The Liberal Democrats want the annual increase in rail fares from next January to be cancelled to save typical commuters in Wiltshire between £33 and £165 next year, according to the party’s analysis.

The proposed 1.6% rise in fares is based on the rise in the Retail Price Index for the 12 months to July 2020.

The rise was higher than expected, reflecting factors such as the lack of summer sales as retailers struggled to recover from the COVID-19 pandemic.

Any increase in ticket prices will be a “slap in the face” for consumers when the Government should be trying to get people back onto sustainable forms of transport and investing to improve vital services, the Liberal Democrats argue.

Ellen Nicholson, Parliamentary spokesperson for South West Wiltshire, said: “We are calling on the Government to keep costs down for commuters and to bring in new types of season ticket to suit more flexible working patterns. For example, season ticket holders travelling from Tisbury to Salisbury will pay an extra £18.30.

Liberal Democrat spokesperson for Salisbury, Victoria Charleston said: 

“Any plans to go ahead with a fare increase this year will be a slap in the face for consumers, especially those travelling to Southampton who put up with months of rail replacement buses before Lockdown, never mind fare increases.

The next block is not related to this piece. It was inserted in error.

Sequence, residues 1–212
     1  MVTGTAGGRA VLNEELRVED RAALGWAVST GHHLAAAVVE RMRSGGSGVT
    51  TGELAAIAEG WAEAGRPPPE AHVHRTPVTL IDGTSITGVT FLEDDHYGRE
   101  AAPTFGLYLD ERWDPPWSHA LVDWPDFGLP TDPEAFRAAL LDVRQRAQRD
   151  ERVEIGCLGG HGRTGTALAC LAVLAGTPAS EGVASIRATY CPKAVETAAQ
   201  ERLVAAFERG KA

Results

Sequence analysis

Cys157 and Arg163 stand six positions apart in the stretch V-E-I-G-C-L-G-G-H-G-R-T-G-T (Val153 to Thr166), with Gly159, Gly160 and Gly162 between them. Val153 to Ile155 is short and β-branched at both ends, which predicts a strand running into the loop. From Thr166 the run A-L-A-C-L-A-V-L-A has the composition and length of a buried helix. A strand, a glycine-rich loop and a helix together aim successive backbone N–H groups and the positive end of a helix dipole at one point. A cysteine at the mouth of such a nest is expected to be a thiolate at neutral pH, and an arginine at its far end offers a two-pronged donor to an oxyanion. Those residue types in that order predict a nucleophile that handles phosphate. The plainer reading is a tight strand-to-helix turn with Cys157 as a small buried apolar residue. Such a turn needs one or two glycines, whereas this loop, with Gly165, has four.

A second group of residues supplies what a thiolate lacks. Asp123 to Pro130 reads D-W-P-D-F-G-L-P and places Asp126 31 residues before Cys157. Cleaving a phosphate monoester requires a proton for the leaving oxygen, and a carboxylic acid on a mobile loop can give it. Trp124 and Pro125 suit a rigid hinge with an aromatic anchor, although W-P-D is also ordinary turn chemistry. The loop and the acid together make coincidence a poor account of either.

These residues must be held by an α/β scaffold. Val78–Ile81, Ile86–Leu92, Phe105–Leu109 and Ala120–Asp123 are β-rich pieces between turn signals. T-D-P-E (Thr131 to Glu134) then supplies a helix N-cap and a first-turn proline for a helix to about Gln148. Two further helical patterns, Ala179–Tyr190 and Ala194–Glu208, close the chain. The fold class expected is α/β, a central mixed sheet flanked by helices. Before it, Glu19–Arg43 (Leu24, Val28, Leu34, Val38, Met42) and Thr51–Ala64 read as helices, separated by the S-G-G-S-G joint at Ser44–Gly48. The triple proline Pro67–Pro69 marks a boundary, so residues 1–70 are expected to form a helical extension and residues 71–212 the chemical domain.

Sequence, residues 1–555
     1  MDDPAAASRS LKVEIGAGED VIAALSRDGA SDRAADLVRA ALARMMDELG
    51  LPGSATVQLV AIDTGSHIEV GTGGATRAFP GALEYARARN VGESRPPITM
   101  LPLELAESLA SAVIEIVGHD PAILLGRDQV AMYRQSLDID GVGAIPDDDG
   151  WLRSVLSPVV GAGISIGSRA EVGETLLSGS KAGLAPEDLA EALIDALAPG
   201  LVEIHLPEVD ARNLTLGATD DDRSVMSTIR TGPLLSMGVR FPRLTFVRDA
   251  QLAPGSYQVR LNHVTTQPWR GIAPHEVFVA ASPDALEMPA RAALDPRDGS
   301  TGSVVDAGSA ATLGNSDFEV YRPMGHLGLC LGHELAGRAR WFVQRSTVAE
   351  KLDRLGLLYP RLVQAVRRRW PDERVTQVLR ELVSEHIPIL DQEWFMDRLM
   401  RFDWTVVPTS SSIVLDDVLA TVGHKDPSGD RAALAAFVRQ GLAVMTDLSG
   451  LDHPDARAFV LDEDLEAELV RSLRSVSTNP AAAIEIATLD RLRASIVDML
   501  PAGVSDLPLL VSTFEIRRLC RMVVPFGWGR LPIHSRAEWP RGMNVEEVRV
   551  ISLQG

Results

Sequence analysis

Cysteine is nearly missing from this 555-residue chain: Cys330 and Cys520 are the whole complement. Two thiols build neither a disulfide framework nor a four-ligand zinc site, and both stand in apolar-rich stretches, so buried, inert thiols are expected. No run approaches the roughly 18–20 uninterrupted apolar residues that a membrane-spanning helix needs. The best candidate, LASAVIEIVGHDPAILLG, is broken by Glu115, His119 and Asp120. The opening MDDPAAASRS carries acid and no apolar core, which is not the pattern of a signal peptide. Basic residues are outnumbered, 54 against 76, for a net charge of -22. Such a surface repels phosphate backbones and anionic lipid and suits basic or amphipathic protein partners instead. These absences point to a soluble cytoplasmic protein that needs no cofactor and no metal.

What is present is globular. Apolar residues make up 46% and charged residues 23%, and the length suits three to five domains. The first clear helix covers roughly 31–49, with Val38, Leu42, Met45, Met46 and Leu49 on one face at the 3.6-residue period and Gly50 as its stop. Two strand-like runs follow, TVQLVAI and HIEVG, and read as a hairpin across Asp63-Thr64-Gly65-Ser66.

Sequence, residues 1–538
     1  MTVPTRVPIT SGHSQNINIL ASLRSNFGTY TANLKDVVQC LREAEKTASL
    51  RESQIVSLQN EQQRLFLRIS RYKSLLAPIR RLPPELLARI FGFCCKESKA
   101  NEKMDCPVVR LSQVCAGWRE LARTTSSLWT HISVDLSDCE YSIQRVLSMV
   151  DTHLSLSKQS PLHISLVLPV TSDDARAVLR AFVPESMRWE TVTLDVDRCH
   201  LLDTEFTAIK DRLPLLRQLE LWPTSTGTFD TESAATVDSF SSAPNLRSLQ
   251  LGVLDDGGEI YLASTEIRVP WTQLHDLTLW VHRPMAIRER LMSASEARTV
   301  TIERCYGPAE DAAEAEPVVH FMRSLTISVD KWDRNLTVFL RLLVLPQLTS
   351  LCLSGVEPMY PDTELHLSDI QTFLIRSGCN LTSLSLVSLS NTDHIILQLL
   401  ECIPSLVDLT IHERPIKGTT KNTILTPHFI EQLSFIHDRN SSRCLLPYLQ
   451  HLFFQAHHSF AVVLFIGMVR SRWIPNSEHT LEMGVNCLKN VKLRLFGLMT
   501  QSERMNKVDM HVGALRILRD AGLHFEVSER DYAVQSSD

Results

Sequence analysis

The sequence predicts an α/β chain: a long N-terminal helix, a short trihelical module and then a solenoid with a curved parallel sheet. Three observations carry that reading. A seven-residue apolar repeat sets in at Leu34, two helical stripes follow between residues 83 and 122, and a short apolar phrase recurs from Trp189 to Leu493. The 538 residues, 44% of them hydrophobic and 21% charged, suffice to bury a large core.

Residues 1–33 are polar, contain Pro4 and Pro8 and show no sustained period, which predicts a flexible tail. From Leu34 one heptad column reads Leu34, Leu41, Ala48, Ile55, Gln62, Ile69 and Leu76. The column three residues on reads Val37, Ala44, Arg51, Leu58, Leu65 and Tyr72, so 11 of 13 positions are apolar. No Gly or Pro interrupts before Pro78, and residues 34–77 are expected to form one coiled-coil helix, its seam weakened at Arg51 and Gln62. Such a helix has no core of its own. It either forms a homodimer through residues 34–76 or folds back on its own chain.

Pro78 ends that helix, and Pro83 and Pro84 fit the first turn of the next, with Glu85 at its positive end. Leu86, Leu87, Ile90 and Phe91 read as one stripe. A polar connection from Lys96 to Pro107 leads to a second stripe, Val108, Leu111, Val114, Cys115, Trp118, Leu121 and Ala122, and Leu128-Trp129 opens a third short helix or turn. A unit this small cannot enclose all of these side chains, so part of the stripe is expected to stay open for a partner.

“Rather than putting off commuters with another price hike, the Government must help the industry recover from the COVID-19 crisis. Season-ticketholders travelling from Salisbury will pay an extra £91.97 next year to travel to London, an extra £68.29 to go to Bath and an extra £74.75 to Bristol Temple Meads.

“It is vital we encourage people to use our public transport network to tackle the climate emergency. We are not going to do that by charging them more for an inadequate service.”

The savings for the Salisbury route are based on an annual season ticket from Tisbury to Salisbury, and from Salisbury to Bath Spa, Bristol Temple Meads and London Waterloo.

Liberal Democrats are calling for a freeze on “regulated fares” – the ticket prices regulated by the government covering most commuter fares and season tickets. Roughly 34% of fares are ‘regulated fares.’

In September, 2018, the government commissioned a ‘root and branch’ review of the railways led by former CEO of British Airways Keith Williams – the Conservatives have still not published his findings.

Industry body the Rail Delivery Group (RDG) want a wholesale reform of the ticketing system, making it more flexible and easier to understand – particularly to suit the increase in flexible working during lockdown.